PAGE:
British bishop Richard Williamson, 71, who was not in court, had appealed his conviction by a court in Regensburg, southern Germany, for denying key facts about the Holocaust in an interview he gave to Swedish television in Regensburg in 2008.
The bishop alleged he was duped by a Swedish reporter into believing the interview would only be broadcast in Sweden.
Lawyers for London-based Williamson did not deny the statements made by the bishop, a member of the breakaway ultra-conservative Catholic fraternity the Saint Pius X Society, but stressed that in Sweden such opinions could be freely voiced.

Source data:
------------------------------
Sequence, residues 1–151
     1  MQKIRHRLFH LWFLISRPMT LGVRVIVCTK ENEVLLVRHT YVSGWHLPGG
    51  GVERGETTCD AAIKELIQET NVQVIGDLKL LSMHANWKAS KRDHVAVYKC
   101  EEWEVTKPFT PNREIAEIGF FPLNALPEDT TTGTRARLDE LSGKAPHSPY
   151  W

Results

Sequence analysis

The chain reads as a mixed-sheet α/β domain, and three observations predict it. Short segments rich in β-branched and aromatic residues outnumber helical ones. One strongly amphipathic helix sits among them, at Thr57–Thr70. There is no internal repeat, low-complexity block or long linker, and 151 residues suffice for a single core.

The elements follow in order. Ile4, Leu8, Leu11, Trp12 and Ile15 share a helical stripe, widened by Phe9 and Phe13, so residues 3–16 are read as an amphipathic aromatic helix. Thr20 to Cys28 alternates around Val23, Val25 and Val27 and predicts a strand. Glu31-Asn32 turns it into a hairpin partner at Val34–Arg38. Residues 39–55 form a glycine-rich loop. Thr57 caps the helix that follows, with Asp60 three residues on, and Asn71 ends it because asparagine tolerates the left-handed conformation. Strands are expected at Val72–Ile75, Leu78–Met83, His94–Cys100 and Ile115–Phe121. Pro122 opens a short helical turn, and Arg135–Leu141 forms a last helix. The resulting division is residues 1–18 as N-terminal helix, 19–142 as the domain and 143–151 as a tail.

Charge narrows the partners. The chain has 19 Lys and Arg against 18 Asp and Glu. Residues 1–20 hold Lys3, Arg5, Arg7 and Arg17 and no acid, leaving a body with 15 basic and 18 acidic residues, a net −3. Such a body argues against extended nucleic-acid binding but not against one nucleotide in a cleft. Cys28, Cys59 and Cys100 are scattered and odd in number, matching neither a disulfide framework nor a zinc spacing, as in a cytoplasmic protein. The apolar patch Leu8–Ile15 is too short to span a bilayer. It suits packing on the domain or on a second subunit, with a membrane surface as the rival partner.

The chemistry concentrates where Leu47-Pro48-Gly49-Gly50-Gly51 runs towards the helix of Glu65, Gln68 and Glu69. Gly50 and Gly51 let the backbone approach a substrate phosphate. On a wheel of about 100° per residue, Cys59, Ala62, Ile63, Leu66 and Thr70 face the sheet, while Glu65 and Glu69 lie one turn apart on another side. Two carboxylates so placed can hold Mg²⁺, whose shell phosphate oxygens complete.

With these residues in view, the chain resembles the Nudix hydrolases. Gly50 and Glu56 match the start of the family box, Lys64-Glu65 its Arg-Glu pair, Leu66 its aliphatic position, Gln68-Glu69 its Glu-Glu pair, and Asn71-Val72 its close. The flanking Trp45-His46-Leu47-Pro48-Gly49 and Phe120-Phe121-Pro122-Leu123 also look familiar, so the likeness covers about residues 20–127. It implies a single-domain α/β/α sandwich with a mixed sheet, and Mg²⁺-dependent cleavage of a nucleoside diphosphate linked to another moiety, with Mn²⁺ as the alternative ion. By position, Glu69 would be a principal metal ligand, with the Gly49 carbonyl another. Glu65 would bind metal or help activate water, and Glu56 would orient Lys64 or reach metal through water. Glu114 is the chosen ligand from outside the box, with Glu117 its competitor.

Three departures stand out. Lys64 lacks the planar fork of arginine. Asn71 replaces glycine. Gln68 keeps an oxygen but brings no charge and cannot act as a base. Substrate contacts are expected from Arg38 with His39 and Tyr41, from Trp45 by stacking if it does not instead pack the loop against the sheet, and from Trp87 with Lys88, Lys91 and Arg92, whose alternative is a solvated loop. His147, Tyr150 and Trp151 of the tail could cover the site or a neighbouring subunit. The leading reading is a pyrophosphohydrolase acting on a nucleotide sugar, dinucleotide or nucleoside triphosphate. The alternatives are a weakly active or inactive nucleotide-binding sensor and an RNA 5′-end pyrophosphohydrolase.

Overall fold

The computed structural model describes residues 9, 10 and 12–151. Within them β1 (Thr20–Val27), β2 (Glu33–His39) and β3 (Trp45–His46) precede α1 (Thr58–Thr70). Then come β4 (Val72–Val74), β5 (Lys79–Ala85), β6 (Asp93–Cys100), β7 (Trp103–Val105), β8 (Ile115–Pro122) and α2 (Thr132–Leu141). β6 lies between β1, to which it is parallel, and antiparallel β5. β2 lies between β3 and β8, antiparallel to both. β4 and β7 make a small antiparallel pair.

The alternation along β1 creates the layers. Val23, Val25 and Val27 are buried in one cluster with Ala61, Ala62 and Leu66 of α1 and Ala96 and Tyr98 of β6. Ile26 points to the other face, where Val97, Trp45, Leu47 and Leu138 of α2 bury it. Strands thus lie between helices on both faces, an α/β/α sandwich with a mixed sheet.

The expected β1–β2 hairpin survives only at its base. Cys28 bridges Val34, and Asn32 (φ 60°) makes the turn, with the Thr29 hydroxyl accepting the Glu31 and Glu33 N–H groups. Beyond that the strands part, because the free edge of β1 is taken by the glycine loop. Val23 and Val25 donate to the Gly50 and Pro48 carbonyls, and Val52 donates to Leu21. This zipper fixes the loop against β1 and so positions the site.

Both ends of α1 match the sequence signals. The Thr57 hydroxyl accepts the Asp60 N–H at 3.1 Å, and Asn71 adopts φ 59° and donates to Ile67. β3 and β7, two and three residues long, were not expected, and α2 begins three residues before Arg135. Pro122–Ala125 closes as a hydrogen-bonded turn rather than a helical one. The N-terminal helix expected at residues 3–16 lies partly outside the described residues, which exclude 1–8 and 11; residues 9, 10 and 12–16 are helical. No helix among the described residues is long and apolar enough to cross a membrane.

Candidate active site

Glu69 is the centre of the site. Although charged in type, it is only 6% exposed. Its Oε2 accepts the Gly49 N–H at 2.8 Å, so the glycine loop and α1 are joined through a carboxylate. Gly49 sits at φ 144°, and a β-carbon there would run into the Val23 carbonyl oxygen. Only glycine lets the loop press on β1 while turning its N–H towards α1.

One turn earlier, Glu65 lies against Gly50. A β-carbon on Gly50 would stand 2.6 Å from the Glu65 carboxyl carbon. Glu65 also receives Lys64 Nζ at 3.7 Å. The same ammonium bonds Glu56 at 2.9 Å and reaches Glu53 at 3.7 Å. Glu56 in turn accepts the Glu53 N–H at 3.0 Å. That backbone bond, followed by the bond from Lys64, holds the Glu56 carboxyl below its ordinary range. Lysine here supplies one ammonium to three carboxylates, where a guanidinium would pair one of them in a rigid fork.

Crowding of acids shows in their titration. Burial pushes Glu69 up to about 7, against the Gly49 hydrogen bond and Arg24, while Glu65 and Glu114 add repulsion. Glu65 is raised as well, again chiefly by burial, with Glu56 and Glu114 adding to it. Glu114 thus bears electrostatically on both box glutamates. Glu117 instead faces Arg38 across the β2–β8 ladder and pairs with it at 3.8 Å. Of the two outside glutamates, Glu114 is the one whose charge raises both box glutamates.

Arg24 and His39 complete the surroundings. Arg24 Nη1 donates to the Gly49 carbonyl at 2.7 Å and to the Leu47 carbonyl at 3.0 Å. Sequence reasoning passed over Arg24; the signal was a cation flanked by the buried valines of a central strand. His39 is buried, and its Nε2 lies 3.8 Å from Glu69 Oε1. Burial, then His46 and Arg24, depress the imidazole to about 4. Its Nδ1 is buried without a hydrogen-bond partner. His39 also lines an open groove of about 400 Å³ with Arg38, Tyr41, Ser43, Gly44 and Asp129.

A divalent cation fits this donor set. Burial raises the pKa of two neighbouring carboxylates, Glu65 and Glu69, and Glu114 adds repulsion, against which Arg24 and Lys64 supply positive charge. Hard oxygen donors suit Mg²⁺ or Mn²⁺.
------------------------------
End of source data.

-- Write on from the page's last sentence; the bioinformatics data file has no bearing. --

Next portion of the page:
In Germany it is an offence to deny that the Nazis murdered six million Jews during World War II.
Williamson told Swedish television that "200,000 to 300,000 Jews perished in Nazi concentration camps" and disputed the existence of the gas chambers.
In April 2010, Williamson, who now lives in London, was fined 10,000 euros ($14,500) by the court, reduced from an earlier fine of 12,000 euros he had refused to pay, for inciting racial hatred.
The court on Monday reduced the fine to 6,500 euros.